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Coast Care group at Omanu Beach Coast Care group at Omanu Beach

Coast Care

Coast Care is a coastal restoration programme, run in close partnership with local communities, local authorities and schools that aims to restore and protect the sand dunes along our Bay of Plenty beaches.

Who is involved?

Volunteers who care about our coastal environment like residents, beach users and schools, give their time and expertise to looking after our dunes.  Council provides most of the funding for Coast Care, as well as other resources and educational tools.

All four coastal district and city councils (Western Bay of Plenty, Tauranga, Ōpōtiki and Whakatāne) and the Department of Conservation are also involved in the programme. Coast Care volunteers help with beach clean-ups, planting native dune plants, managing the spread of weeds and pests, fencing and much more. Coast Care offers advice on reducing erosion through planting and also provides resources such as native plants and fertiliser. Part of Coast Care’s role is also to educate people on why caring for our dunes is such an important part of protecting our beaches and that we all have a responsibility to our environment.

Get involved

Volunteers are invited to come and help at our Coast Care Bay of Plenty community planting days (see upcoming events below). 

Digging in the sand is quite easy and dune restoration can be enjoyable and rewarding. You'll be doing your bit for our native plants and animals and working with like-minded locals who care about the environment. All you need to bring is covered sturdy footwear, suitable clothing, gardening gloves and favourite spade.

Would you like to receive updates of Coast Care initiatives in your local area and learn more about how to protect and restore the coastal environment in the Bay of Plenty? Fill in our form online to join the mailing list and receive details of events in your area and learn more about how you can help with the protection and restoration of the coastal environment.

2023 Beach User Survey

Bay of Plenty communities were asked to have their say about what matters most to them about their coast to help guide the work of Coast Care into the future. The survey was last held in 2014 however since then the programme has evolved, with the results from the 2023 survey helping to ensure the programme is on the right track. The survey was carried out in August and September and received 618 individual responses to a series of 22 questions. Responses were analysed and compared to previous surveys completed between 2009 and 2014.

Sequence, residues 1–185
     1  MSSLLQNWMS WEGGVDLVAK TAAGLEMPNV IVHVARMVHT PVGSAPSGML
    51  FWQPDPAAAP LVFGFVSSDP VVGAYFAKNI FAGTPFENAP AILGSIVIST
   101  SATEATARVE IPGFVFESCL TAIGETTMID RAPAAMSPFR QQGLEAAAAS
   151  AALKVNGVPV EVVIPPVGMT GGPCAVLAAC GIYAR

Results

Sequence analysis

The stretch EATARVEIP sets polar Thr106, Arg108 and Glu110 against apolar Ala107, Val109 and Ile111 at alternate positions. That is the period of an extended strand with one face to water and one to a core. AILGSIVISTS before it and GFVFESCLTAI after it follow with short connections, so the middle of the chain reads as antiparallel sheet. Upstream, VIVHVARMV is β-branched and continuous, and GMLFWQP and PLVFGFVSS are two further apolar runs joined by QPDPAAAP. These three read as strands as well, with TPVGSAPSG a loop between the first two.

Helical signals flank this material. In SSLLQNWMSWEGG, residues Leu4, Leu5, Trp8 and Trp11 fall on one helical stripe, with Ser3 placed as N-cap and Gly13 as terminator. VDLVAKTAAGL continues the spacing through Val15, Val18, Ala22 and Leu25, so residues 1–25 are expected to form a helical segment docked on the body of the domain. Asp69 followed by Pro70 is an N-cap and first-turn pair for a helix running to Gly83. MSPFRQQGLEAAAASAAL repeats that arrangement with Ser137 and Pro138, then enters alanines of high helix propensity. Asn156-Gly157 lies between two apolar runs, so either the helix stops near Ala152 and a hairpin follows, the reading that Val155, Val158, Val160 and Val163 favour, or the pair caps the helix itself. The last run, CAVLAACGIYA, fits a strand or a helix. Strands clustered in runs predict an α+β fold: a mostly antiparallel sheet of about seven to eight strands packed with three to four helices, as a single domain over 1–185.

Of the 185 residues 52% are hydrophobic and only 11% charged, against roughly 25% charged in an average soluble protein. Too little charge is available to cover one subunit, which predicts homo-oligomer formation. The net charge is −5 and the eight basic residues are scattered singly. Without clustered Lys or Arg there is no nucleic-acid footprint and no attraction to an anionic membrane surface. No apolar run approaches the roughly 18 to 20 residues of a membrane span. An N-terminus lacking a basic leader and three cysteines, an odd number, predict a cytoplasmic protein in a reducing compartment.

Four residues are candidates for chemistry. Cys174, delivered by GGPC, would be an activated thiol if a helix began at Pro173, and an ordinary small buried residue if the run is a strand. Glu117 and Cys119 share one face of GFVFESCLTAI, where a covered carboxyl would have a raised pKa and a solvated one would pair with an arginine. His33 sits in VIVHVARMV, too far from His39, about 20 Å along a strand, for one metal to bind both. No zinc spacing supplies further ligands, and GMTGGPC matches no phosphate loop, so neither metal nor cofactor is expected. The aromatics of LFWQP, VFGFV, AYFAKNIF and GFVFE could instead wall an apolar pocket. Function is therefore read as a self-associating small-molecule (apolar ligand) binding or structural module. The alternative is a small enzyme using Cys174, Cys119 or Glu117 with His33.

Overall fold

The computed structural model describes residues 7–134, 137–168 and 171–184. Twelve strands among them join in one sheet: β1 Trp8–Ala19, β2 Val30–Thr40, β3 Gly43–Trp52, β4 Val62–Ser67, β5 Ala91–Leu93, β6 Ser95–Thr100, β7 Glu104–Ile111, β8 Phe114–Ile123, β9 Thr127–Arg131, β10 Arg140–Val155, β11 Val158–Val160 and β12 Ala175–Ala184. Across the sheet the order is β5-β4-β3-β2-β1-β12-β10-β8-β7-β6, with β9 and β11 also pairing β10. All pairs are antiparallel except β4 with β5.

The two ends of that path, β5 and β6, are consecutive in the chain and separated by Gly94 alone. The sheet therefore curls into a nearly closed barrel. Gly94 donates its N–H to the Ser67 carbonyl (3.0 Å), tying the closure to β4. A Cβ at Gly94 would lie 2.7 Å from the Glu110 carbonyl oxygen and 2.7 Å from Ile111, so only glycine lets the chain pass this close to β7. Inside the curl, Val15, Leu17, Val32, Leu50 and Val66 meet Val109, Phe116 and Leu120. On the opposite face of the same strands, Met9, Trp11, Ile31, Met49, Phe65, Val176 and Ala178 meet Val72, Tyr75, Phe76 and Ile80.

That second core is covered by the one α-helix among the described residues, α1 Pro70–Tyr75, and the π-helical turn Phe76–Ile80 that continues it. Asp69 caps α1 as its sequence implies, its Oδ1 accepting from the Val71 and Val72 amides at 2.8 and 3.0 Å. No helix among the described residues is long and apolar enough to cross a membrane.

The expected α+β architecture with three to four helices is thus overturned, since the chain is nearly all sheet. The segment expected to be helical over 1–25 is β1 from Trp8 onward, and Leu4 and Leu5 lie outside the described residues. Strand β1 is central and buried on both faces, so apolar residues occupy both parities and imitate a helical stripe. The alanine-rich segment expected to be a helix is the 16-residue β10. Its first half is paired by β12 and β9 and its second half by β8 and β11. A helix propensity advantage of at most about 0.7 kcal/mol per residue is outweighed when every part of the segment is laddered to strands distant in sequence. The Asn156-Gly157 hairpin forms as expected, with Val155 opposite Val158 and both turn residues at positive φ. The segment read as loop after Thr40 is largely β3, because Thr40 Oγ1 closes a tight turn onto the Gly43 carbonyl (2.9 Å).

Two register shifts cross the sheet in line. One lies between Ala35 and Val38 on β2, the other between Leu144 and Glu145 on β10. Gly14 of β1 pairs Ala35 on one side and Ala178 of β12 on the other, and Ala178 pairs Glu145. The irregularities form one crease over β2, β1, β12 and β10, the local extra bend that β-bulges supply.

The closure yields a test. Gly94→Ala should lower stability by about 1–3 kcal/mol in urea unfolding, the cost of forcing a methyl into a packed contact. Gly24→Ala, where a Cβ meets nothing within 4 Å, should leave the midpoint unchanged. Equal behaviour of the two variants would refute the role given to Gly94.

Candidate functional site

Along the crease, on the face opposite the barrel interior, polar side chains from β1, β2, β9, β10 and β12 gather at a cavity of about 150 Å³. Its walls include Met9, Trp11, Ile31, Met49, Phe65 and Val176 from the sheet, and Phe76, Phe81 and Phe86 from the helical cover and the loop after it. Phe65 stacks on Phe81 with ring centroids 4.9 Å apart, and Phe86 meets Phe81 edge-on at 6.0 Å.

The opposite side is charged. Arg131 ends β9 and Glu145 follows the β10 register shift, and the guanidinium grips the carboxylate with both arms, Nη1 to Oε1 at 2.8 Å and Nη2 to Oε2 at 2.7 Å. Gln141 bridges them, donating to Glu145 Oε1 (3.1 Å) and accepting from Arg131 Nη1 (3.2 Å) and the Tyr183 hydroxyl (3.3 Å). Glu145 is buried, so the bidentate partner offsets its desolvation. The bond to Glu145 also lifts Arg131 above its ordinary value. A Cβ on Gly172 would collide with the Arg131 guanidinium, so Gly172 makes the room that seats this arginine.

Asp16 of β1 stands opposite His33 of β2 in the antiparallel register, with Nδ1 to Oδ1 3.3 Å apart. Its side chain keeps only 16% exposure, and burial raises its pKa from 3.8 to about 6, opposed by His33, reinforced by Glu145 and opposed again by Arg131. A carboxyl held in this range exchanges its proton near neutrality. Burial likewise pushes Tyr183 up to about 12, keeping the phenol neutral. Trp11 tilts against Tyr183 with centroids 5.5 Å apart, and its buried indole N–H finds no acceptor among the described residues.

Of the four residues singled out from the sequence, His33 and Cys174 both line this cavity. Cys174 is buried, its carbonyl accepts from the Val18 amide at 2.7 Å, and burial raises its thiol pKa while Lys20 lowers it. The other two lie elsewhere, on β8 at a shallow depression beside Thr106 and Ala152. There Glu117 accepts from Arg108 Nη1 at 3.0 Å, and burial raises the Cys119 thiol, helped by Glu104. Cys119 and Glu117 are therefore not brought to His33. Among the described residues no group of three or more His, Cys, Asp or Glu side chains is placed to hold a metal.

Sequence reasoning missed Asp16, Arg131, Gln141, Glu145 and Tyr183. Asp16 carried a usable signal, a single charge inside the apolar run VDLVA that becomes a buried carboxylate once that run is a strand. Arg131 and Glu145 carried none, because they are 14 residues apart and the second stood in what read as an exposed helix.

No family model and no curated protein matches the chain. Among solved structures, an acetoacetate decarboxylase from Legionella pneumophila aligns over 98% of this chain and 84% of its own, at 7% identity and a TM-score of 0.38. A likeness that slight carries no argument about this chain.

The results confirmed many of the themes and trends from these prior surveys, you can read the full report.

Come along and help us to protect our precious dunes and have some fun at the same time!

Keep up to date with upcoming events on the Coast Care Bay of Plenty Facebook page

Why do we need to look after our dunes?

The dunes are the backbone of our beaches, the buffer between the land and the sea. Healthy dunes are wide, gently sloping and have many dune plants to help anchor them. We now know that native dune plants play a vital role in maintaining the dunes, binding light blowing sand onto the beach, and making stable sand dunes. Without these plants, the sand blows away and dunes disappear - leaving the land vulnerable to weather and wave surges.

The popularity of our beaches, changing climate, pests and development pressure are all affecting the health of our coast, particularly dunes. This makes the work of Coast Care groups even more important in making sure our beaches remain for many more years to come.

Dunes not only provide a buffer between land and sea, they also play an important part of New Zealand’s coastal biodiversity and we have a responsibility to make sure they are protected.

Meet the dunes

How dunes work

Plant community

Animal community

Human impacts

Sucess Stories

Coast Care Bay of Plenty works to restore our natural coastal environment. Listed below are some examples of the work that has gone into our region showing how the planting of native sand binding plants on the dunes can improve the buffer between the land and the sea.

Life's a Beach Education teacher resource

Life's a Beach is a teaching resource about the beach environment - the sea, beach, sand dunes, dune vegetation and reserve areas. The resource covers a wide range of curriculum areas with an emphasis on science and social science. The resource can be used (or adapted for use) for levels two - eight.

Check out the Life's a Beach resource in our teacher resources section.

Contact Coast Care

Alternatively, you can contact our Restoration Coordinators for the following areas: